"Our aim is to offset the adverse effects that diabetes is having on the Native American community," said Begay, who played soccer, basketball and golf in high school. "Introduce these kids to a game like soccer and they're getting intense physical activity three to four times a week."
Begay has also spent the past couple of years putting together two golf-related projects: a $15 million course on the Eastern Band Cherokee reservation in North Carolina and a $100 million destination golf and gambling resort on the Comanche Nation reservation in Oklahoma.
"I'm delighted that my Stanford education is being put to use in coming up with business plans and trying to create economic sustainability for Native American communities," said Begay, who graduated with a degree in economics.
It was at Stanford that Begay met Woods. Their friendship blossomed when Woods, a freshman, beat Begay, then a senior and a three-time All-American. The bet was that if Woods won, he wouldn't have to carry the older player's bags on road trips.
"In a year, I taught him everything I knew," Begay joked yesterday.
Begay said he didn't go through his famous buddy to get a sponsor's exemption this week, applying to the tournament director on the basis of his four tour wins as well as his recent struggles to get healthy.
"You've got to be able to separate the personal and professional aspects of our careers," Begay said.
Someday, Begay hopes to not need sponsor's exemptions to get into tournaments. Others have gone through similar droughts brought about by injuries, but rarely has anyone recaptured the magic to the same degree.
"I'd like to think I can get back to being better than I was," Begay said. "When I was a second-year player, I had so much growth. I've experienced that growth, maybe even to a greatest extent because I've had to play my way around some of these golf courses on pure strategy and heart. The one thing I've relied on is my willingness to never quit."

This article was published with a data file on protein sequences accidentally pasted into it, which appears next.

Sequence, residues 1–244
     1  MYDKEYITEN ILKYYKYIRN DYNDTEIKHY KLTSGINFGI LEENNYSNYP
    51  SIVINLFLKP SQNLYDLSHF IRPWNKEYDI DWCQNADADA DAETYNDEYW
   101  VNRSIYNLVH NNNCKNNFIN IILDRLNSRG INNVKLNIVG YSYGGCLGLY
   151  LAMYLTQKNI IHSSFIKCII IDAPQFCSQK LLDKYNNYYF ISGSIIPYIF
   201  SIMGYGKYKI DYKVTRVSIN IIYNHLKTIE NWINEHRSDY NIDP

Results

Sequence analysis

Congressional Country Club, Bethesda
Today: Practice rounds, gates open at 6 a.m.
Tomorrow: Earl Woods Memorial Pro-Am, 6:30 a.m.
Thursday-Friday: Play begins at 7 a.m.
Saturday-Sunday: Play begins at 8 a.m.
Daily passes: Today-Friday: $20 per day; Saturday-Sunday: $25 per day
Weekly badge: $65
Daily youth ticket: Ages 13-17, $10 per day (available at gate only); ages 12 and younger are admitted free at gate when accompanied by a ticket-holding adult (limit two children per adult).
Parking: Included with the price of admission.
Tomorrow-Friday: 4 p.m.-6 p.m., Golf Channel
Saturday: 1 p.m.-2:30 p.m., Golf Channel; 3 p.m.-6 p.m., Ch. 13, 9
Sunday: 1 p.m.-2:30 p.m., Golf Channel; 3 p.m.-6:30 p.m., Ch. 13, 9
There is no general admission parking available near the golf course.
Lot hours are 6 a.m.-8 p.m. today through Friday and 7 a.m.-8 p.m. Saturday and Sunday.
Shuttle buses will take patrons to and from the parking lots and golf course entrances during lot hours.
For parking options and directions, go to www.attnational.org
Items larger than a small purse
Folding-arm chairs or lawn chairs
During the competitive rounds, players will not sign autographs until they have completed play. Players have the option to use autograph areas adjacent to holes 9 and 18.